Rested and fed the party continue their journey to Goblin Hill, fully expecting to reach the dreaded haunt of The Mother and her Insect Cult before the end of the day. A reflective mood comes over the adventurers as they feel themselves moving towards a conclusion; how Hemming’s lack of empathy for his fellow man has only intensified, how Miklos has become far more cynical, less ready to trust, more willing to take life, and how Balock of the three original Black Dogs has held onto his humanity with both hands and still shows a compassionate, caring side.  They are shaken from their reverie by a sad scene – a woman hanging from a tree, dead only a day or two. Hoofprints can still be seen with no evidence of human footprints. How did this poor woman meet her end? Was her life taken by force, or did she bring it about herself, perhaps lost to the despair and suffering this terrible war has brought.

The day moves on and within a few more hours the bulk of Goblin Hill can be seen through the dense trees. Insects now crawl everywhere and the air is thick with mosquitoes and midges. Gunther asks to be set free – he tells the Black Dogs that the back door is not far now. Hemming and Miklos do not trust him and refuse to let him go; he is given one a route to freedom though – take up arms on behalf of the party, lead them into Goblin Hill and when all is done he will be set free. With no alternative the bandit agrees, his hands are untied and he is armed with a spear and dagger.

Moving much closer towards the entrance described by Gunther a roughly carved wooden sign is seen with two words; ‘Welcome!’ in German and ‘Beware!’ in Arabic. Bushes across the secret entrance are pulled aside and reveal a large cave mouth with a tunnel heading down into the darkness beyond. Itching and scratching from the inescapable insect infestation, the party form up, torches and lamps are lit and they advance into the darkness.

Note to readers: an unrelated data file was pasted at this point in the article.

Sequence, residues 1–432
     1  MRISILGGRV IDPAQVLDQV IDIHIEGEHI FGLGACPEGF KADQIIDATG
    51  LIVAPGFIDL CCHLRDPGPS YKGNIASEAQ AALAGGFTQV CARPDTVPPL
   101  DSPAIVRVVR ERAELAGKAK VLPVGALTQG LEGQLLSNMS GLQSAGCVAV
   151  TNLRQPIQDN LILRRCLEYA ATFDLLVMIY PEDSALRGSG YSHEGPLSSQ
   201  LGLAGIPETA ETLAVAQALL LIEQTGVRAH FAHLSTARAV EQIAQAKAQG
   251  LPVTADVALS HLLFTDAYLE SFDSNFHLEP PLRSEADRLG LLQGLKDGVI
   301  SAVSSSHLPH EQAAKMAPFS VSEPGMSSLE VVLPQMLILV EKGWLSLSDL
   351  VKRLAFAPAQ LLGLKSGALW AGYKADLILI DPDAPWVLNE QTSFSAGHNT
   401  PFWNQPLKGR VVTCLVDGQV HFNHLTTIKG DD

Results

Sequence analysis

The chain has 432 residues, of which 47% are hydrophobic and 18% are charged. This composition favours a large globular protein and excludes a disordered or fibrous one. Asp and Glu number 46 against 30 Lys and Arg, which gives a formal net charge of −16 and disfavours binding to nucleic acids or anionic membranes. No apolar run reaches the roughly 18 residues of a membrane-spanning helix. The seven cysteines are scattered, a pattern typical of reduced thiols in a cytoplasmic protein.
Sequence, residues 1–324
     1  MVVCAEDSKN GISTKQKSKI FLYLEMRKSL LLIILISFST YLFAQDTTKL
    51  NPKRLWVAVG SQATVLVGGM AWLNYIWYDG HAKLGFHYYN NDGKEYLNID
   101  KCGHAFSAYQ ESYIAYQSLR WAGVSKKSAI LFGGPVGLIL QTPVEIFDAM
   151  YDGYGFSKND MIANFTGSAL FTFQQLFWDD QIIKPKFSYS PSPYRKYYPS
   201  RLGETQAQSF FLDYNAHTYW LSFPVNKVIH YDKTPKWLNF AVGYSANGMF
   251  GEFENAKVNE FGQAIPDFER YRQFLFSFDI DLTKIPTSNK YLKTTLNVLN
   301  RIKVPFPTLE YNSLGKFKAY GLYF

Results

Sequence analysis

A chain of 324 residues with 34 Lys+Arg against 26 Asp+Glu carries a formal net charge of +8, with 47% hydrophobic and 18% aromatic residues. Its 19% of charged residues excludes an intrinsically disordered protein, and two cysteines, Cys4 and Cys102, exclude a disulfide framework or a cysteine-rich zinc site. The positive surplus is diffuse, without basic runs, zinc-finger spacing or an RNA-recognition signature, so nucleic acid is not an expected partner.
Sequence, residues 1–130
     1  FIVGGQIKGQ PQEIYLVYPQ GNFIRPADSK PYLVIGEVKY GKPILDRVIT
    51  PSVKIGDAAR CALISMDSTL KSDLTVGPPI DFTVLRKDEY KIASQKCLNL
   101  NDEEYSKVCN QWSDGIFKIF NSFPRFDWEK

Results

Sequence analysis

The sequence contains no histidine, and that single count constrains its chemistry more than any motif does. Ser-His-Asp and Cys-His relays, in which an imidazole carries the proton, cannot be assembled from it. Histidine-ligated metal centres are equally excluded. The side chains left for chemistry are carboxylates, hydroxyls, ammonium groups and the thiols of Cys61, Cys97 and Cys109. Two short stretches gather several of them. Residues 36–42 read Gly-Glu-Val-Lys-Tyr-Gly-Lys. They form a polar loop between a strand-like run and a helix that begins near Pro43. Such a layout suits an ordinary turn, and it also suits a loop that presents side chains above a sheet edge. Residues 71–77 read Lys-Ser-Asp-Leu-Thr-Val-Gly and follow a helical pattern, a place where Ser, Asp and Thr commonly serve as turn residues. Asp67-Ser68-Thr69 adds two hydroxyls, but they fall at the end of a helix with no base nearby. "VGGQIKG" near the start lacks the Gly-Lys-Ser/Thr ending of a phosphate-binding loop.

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The tunnel floor is made of compressed earth, at least what can be seen through the insects crawling all over it. Every couple of feet a stone rod appears to stretch across the tunnel floor; these could be the edges of stairs, the gaps between now filled with ancient soil. Moving slowly, cautiously with weapons ready and eyes alert to danger the party feel the darkness closing in; the air shimmers with all kinds of insects, many attracted to the glow of the lamps and torches and it takes a moment for the mind to adjust as the floor seems to writhe and surge, thick with crawling bugs. All that can be heard is a constant rustle, the creeping of tiny legs of tiny carapaces, millions upon millions of them.

It takes a few minutes of careful, steady progress before the corridor seems to open into a larger cavern – although it is difficult to tell as the range of their light is limited. Referring to the map taken from Gunther, the Black Dogs believe they know where to go, how to proceed. Onwards into the darkness they go…